The next room contains an interesting array of sculpted items from across the period of this exhibition, though they might have been shown to better advantage. For example, the chair made of Uranium hot sculpted glass by Elliot Walker, which should be an intriguing item to contemplate, is placed in the corner by the door, where it might easily be missed or even sat upon, looking more like a steward’s chair momentarily vacated.

The final room, in the great hall, is bookended by the two wonderful pictorial windows by Clayton & Bell which are a permanent part of Two Temple Place. This is the most successful room in the exhibition. The visitor is greeted by the largest work on show, a great stained-glass window by Pinkie Maclure with accompanying audio by John Wills (Fig. 6). The benches placed in front of this piece encourage you to sit and listen with headphones and this was the most engaging part of the exhibition. The environmental message here is powerfully conveyed with recycled greenhouse glass. Whereas the rest of the exhibition looks at objects which would be typically studied under the rubric of design history, this room offers something nearer to art history, and the clarity of the curation is stronger. The selection is still varied but features contemporary artists who have much to say using glass, producing a more satisfying and coherent grouping than we find elsewhere (Fig. 7).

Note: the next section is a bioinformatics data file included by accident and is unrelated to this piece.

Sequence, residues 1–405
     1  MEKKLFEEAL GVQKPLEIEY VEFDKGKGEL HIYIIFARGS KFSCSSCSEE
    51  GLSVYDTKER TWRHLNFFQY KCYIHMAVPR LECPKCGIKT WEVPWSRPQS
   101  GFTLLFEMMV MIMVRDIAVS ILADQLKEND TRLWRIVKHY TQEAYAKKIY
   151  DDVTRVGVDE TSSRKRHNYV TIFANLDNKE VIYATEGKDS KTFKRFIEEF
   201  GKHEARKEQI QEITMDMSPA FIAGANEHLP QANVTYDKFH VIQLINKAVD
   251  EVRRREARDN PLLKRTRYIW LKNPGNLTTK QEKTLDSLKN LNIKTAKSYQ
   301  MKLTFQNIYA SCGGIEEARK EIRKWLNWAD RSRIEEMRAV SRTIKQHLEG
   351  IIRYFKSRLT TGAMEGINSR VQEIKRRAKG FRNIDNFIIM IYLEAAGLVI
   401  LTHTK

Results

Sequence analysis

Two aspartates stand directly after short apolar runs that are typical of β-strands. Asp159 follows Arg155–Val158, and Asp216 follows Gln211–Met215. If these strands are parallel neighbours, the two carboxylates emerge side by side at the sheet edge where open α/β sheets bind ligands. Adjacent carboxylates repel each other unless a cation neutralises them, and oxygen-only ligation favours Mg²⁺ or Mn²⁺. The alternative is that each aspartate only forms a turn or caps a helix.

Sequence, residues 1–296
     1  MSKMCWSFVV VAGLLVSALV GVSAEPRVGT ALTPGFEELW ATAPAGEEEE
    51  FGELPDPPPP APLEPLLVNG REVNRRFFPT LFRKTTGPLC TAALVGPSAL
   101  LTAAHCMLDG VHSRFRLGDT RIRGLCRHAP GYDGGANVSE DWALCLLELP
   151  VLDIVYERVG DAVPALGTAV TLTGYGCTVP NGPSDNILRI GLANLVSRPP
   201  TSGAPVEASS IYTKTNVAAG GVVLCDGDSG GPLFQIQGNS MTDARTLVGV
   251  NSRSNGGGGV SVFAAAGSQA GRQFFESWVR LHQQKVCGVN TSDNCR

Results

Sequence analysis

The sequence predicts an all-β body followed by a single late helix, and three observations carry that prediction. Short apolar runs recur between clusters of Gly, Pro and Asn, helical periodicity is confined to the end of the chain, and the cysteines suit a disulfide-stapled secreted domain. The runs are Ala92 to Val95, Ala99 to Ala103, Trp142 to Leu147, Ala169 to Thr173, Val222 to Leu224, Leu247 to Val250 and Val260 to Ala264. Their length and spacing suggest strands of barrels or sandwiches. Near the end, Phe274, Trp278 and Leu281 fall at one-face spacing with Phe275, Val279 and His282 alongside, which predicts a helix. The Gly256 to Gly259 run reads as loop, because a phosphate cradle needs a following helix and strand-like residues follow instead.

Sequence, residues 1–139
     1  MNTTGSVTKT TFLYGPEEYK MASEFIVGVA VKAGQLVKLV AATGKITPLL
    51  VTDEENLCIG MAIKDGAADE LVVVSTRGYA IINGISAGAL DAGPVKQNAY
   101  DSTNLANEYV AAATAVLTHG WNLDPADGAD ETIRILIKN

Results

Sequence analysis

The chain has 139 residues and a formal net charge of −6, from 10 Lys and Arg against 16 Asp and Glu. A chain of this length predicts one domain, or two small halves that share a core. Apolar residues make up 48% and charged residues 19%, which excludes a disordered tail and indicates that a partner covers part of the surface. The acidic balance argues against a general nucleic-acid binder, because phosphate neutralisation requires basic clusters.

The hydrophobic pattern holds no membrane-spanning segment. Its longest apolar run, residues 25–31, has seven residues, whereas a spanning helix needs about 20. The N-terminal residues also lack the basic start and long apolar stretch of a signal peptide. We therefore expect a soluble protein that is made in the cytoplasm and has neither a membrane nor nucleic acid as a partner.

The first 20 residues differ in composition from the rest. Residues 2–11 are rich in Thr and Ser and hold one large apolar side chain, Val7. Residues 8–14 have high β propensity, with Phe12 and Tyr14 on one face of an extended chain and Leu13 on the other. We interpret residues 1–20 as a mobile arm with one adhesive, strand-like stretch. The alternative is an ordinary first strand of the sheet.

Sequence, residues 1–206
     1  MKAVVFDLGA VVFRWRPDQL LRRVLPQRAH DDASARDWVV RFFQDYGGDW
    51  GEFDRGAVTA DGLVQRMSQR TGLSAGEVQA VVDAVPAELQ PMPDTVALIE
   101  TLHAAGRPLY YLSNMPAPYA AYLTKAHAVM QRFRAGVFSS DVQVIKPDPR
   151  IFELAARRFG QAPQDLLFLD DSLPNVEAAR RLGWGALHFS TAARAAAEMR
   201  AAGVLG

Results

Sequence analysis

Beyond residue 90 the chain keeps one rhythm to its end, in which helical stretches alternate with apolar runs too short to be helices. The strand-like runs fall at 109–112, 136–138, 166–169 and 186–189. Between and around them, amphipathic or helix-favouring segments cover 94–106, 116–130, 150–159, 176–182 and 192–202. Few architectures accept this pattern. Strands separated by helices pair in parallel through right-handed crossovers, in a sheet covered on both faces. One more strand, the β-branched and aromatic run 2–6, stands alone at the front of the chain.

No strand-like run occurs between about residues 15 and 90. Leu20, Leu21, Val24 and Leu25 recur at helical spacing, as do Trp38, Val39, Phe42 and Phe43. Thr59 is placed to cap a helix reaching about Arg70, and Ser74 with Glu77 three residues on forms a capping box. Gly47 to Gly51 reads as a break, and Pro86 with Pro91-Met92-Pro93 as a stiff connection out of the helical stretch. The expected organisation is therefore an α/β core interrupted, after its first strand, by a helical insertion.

A final touch here that is very enjoyable is the inclusion of a few test pieces of work by artists in the exhibition which viewers are encouraged to touch, to really get to grips with the materiality of glass as a substance (Fig. 8).

The strength of this exhibition is the quality of the items displayed. All the objects, from stained glass to sculpture, are expertly chosen and presented beautifully in these remarkable surroundings. For the stained glass afficionado the items lent by the Stained Glass Museum may be familiar, but for everyone else this is an excellent chance to be introduced to these excellent windows. The contemporary pieces of stained glass are also outstanding, and this is a great opportunity to bring them to a wider audience.

It is admirable how much this exhibition attempts, but it would need another dozen rooms to really do justice to all the periods, themes, and styles that it tries to include. This means that there are large gaps. For example, there is no ecclesiastical stained glass from after Piper’s work in the 1960s. For an exhibition of this size, it might have been better to restrict either the range of objects explored, or the period covered. As it is, it stands as a medley of glass that should have something to delight every audience, from the expert to the uninitiated. All this variety was a wonder to try and behold and Two Temple Place is a truly stunning venue, always worth visiting for the building alone. Let us hope these highlights are enough to entice people back for more glass.


Fig.6 The Soil, Pinkie Maclure, 2023, Photo: Author.

Fig. 7. Judge and Jury, Chris Day, 2023. Photo: Author.

Fig.8 Objects to touch alongside Clayton & Bell’s Sunset. Photo: Author.